In her victory speech after the Nevada primaries, Democratic hopeful Hillary Clinton said itís time to invest in marginalized communities by “ensuring that people with disabilities have the same opportunities to work and fully participate in our society.”
That may seem like the standard campaign rhetoric of a serious presidential candidate, but what many people donít realize is that disability rights have rarely been mentioned by name in national campaigns.
Fortunately, Clinton is not alone. Sen. Bernie Sanders, another Democratic candidate, has also urged the full inclusion of people with disabilities in
society. Among the Republican hopefuls, Gov. John Kasich of Ohio has named workers with disabilities as a target for programs to increase employment. Jeb Bush, before ending his run for the nomination recently, had featured a child with a disability in a campaign video. The video followed a campaign speech in which Donald Trump made jerky movements that mocked Serge Kovaleski, a reporter with a disability that restricts the mobility of his arms, prompting a widespread public outcry.
While pundits donít agree on how much such rhetoric lines up with voting records and possible presidential initiatives, at the end of the day, the rhetoric of inclusion is in and of itself important. It is important for our society to hear political candidates say, as Sen. Marco Rubio did in January, that “most countries in the world, if you are disabled or you are born with a disability, you never go to school. They basically write you off and walk away. We have never done that and we will never do that.” And it is important for people to hear that Sen. Ted Cruz finds the fact that 70 percent of people with disabilities are unemployed appalling and wants to change that number, as he said last November.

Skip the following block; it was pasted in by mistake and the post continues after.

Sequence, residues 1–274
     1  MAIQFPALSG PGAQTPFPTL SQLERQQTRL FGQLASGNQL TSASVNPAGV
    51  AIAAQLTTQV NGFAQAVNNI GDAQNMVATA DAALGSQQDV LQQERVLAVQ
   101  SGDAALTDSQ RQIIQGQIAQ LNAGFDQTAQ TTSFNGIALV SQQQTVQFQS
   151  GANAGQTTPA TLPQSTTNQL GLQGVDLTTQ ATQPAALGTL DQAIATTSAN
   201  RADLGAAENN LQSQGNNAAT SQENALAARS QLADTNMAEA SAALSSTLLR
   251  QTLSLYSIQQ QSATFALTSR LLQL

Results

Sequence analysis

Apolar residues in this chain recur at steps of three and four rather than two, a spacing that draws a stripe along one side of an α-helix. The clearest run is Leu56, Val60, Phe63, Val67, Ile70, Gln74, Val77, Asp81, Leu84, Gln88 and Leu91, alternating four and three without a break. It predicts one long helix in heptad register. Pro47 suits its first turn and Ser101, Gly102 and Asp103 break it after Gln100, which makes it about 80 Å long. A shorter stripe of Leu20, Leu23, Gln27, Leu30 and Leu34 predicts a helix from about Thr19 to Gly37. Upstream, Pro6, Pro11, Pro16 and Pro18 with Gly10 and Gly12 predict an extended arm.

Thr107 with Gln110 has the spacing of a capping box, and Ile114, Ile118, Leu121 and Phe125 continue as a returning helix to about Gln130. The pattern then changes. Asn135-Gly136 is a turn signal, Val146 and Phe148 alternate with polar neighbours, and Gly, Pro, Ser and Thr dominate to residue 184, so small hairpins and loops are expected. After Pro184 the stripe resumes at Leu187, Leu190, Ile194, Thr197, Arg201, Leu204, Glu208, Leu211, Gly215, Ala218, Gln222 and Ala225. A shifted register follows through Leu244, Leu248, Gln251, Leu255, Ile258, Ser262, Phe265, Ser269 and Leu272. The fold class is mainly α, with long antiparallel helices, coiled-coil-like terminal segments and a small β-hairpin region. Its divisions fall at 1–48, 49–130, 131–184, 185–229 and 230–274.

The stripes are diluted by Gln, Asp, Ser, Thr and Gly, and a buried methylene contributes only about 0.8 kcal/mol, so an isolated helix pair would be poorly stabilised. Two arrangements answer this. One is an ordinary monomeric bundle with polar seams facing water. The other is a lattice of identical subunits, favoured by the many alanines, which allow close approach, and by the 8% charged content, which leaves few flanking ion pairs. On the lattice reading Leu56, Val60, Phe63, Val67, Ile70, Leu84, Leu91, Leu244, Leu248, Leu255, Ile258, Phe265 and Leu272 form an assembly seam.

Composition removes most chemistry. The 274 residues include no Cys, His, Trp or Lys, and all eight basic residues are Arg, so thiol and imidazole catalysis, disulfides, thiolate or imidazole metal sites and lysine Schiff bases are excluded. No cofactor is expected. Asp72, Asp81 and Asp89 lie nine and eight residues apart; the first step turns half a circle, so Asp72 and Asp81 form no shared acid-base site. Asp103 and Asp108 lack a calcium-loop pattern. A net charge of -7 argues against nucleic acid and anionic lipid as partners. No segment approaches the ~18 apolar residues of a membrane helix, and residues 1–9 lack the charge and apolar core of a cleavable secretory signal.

During this yearís contentious race for the White House, it is rare to find an issue that cuts across our bitter party lines, but disability inclusion is precisely such an issue.
We will not always agree on the concrete ways to achieve change, but this inclusion climate is certainly a long way from when Franklin D. Roosevelt ran for president while hiding the fact that he had a disability.
As thought leaders and — on a good day — as role models, presidents, candidates and members of Congress can impact our thinking and our actions. Even the best-intentioned candidate may find it daunting to implement new policies once in office. As American Jews, we can draw inspiration from the increased visibility for our community and for the disability cause. Then we must turn around and push our leaders — and American society — to do even better.